The Industrial Revolution changed the possibilities available to sculptors. Carving had always been the main skill perhaps where as now fabricating, assembling, combining together materials seem to all be sculptural qualities. After the rise of modernism, the artist became able to manufacture all sorts of materials for the production of sculpture. Duchamp’s radical gesture opened the doors to different ways of generating sculpture. But the lines are now blurred between art forms. What about the statement, ‘You can’t have art without a creator’? Studios in the sixties changed as the factory and fabricators started to be more involved. The removal of carving out your craft, chipping away at a material to create a figure  was no longer the only means by which to produce form. So there isn’t just one person involved in the process but maybe just one person with the idea.

tube form

 

Other influences were nature and organic form on sculpture. Bio-morphism in art relates to the integration of natural and organic form into a work. These works sometimes look amorphous. Suddenly sculpture doesn’t have to be about form or focus on the human body. It opens up an avenue for a whole new exploration into shape, structure, space, line, dimensions.

I think if you look at a Shendi Sculpture, whether you understand it or not, it can be appreciated, observed and will stand the test of time. This is what I am unsure about with the more conceptual sculptures of today. In years to come will it still be able to exist without an ‘artist’ or ‘curator’ placing the ‘objects’ together in their ‘correct’ positions.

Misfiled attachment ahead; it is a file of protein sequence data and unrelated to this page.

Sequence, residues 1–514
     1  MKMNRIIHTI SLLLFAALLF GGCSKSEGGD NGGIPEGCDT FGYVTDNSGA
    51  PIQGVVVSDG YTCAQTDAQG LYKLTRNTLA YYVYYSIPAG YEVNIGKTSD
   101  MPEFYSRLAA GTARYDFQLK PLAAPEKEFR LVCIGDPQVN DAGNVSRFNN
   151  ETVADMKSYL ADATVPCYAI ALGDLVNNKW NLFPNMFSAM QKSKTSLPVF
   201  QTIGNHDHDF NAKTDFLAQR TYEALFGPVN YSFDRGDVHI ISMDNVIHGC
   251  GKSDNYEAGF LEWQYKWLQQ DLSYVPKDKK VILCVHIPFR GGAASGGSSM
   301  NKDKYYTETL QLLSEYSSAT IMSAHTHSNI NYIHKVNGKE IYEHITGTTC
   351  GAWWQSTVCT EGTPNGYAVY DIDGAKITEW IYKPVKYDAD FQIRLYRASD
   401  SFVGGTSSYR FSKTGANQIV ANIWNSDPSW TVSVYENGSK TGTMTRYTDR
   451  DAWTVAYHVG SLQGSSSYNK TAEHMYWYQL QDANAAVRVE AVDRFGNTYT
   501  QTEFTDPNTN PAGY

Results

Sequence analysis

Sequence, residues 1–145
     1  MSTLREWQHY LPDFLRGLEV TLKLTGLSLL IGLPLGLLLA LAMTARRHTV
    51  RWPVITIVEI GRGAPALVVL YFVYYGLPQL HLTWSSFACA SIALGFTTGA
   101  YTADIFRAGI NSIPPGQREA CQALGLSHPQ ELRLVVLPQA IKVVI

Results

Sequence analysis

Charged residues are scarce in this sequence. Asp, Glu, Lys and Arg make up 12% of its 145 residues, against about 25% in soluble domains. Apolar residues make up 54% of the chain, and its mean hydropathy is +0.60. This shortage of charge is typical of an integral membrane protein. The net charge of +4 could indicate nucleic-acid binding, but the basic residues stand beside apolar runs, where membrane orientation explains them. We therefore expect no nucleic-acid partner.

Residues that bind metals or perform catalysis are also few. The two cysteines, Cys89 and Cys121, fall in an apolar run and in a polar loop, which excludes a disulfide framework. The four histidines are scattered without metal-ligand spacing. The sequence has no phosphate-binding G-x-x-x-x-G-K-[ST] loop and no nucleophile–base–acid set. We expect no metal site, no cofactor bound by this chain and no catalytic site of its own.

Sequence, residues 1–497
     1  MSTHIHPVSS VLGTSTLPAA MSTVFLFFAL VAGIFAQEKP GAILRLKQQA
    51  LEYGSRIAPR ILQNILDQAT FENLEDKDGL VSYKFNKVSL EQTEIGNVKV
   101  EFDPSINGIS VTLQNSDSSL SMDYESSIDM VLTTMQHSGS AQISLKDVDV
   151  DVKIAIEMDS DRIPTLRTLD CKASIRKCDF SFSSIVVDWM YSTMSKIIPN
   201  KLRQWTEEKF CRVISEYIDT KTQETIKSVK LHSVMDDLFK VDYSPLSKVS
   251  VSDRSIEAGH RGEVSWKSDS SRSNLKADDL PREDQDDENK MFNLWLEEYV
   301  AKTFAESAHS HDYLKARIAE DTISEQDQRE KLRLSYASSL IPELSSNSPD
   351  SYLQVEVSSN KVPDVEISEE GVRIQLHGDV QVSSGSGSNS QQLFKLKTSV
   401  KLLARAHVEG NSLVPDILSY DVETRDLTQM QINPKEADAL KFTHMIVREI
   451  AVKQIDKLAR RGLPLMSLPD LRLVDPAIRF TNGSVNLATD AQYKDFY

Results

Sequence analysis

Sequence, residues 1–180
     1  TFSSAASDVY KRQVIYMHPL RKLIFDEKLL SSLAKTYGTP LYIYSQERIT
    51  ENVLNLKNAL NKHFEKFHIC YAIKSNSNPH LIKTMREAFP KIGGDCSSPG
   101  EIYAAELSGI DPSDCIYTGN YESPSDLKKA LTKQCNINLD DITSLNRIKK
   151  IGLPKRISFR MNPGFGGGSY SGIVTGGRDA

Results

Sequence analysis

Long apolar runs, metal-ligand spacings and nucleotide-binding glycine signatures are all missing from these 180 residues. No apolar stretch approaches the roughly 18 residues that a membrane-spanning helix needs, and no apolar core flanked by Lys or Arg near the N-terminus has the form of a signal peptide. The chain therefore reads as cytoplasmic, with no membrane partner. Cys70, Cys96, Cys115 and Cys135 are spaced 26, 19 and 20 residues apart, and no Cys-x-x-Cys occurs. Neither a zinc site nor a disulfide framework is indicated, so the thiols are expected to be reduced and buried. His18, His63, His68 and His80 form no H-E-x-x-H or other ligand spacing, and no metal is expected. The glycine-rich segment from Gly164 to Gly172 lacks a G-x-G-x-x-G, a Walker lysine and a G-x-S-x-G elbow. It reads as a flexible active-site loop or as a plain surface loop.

Is it all in the labels? Labels on the walls in the galleries, labels that we give people, labels that we give things. Lawerence Scott who was speaking on Russell Brand’s podcasts, Under the Skin last week touched on this idea of labelling and words. My interpretation of what was said, was that we label things in order to define them. Sometimes that definition packages things into boxes when the whole point is to try to think outside the box. Words sometimes are not quite enough to describe what we mean.

I asked our boys, “what is sculpture?” and the eldest replied, “it’s a man-made form which has meaning”. We have been discussing and questioning, as we constantly see new work, which we wonder whether fits in our 11 year olds definition.

Creativity today seems to come down to ideas and in the sculptural sense you can simply present an idea, which can then be classed as art. Classified as ‘art’, only if you are an established ‘artist’, of course.

'chemo 2007'

I’m not sure whether there is any conclusion to this question, but endless opportunities for discussion and I guess that ultimately is the point of art.

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‘Toy’ to a new home

Conceptual, Philosophy